AWS Lambda, the paper explains, powers down after 15 minutes and while the service may cache function state to facilitate a warm start the next time the code is invoked, there's no way to return to the same virtual machine. That means functions must be written to assume that function state is not recoverable.
Bandwidth v brandwidth
FaaS services also suffer from I/O bottlenecks. The paper says that a recent study found Lambda's network bandwidth averaged 538Mbps, which was similar to Google's and Microsoft's offerings. Lambda also puts a user's functions on a single VM, so those functions have to share bandwidth.
"With 20 Lambda functions, average network bandwidth was 28.7Mbps — 2.5 orders of magnitude slower than a single SSD," the paper says.
The researchers note that Amazon's announcement of 100Gbps networking at its re:Invent event in November helps somewhat, but constraints remain: "Even with 100Gbps/64 cores, under load you get ∼200MBps per core, still an order of magnitude slower than a single SSD."
Then there's Lambda's lack of network addressability, which requires the involvement of an intermediary service like S3 for maintaining state. This makes applications much slower than point-to-point networking.
Also, FaaS in its current form doesn't support APIs for specialized hardware, which is only becoming more common thanks to the demands of application-specific workloads.
'Lambda and serverless is one of the worst forms of proprietary lock-in we've ever seen in the history of humanity'READ MORE
The UC Berkeley crew contends that FaaS is an architectural anti-pattern that overlooks the realities of latency, bandwidth, and cost. And they argue it stymies distributed computing and innovation in hardware-accelerated software innovation and in open source.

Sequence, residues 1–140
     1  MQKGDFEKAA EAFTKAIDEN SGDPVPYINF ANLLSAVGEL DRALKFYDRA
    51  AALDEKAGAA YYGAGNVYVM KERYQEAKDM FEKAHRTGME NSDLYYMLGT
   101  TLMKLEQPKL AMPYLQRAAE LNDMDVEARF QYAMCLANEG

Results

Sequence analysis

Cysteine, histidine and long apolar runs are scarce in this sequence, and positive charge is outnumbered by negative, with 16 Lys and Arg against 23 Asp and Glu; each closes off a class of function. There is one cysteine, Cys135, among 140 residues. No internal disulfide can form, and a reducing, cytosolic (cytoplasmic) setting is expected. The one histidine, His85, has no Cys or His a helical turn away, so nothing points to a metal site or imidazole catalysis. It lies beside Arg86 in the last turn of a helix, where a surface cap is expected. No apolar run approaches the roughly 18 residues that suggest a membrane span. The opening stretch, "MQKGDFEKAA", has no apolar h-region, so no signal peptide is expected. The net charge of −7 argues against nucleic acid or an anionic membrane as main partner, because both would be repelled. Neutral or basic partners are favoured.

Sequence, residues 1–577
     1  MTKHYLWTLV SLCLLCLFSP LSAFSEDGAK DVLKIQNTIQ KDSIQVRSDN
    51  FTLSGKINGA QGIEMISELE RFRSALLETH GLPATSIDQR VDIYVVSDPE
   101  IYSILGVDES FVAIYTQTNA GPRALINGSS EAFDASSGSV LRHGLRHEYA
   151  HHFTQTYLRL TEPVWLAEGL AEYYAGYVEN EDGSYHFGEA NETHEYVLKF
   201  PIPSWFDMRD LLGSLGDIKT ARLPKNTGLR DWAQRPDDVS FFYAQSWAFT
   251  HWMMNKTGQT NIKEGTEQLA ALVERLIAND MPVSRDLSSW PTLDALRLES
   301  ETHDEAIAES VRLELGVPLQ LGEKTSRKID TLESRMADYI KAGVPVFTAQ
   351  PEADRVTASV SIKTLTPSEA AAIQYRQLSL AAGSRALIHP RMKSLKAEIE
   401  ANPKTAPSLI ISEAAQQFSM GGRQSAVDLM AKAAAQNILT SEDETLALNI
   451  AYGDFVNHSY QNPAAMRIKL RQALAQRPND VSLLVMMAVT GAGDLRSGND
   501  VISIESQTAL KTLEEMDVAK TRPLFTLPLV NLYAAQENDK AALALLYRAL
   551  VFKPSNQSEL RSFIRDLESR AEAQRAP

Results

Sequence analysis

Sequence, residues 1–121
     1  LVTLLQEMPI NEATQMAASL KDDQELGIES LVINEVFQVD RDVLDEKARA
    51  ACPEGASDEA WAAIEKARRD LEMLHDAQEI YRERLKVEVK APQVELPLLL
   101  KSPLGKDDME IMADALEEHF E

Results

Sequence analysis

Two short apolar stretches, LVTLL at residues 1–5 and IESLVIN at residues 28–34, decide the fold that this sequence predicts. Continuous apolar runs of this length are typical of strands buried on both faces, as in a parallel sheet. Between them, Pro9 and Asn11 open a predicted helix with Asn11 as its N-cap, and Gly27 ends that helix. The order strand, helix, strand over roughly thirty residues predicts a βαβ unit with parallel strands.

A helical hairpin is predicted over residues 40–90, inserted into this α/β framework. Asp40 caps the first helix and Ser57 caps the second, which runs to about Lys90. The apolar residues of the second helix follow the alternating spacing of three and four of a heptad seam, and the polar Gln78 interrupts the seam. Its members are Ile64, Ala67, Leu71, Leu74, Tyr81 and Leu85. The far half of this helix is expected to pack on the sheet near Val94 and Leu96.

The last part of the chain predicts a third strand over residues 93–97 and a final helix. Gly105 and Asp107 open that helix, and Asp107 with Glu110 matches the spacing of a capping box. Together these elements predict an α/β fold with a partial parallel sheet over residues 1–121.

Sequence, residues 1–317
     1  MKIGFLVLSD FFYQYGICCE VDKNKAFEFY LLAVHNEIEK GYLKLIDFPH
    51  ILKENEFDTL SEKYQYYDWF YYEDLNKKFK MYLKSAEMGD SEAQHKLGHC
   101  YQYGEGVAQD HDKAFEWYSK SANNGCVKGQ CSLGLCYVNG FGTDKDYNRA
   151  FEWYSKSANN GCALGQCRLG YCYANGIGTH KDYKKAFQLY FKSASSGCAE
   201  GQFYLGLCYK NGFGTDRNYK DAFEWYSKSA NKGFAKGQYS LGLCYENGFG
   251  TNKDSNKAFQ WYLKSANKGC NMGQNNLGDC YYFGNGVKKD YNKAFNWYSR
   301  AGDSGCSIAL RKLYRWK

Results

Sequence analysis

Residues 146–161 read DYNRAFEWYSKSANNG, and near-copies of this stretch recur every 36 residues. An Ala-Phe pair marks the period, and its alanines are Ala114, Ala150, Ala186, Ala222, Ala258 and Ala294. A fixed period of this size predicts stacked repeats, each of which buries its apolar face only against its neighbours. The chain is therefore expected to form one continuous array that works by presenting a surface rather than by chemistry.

To support their points, the boffins conducted several tests. One involved training a machine learning model on Lambda and doing the same on AWS EC2. The result: Lambda was 21x slower and 7.3x more expensive than EC2. Another involved making live predictions from a trained machine learning model. That task costs 57x less on EC2 than Lambda and EC2 latency was much better.
Ory Segal, CTO of serverless security biz PureSec, in an email to The Register, said he finds it amazing that even with all the limitations mentioned in the paper, developers are still finding uses for these early serverless platforms.
The researchers, he argues, haven't sufficiently acknowledged the innovation happening in this space.
"I think that if what we are seeing is just the first generation of serverless, then it’s obvious that this is going to be the future of computing – just imagine how much innovation will be done one these platforms evolve even more," he said.
The researchers offer similar optimism about the future potential of cloud computing but they're not sure whether what comes will still be called "serverless" after the issues they've identified have been addressed. ®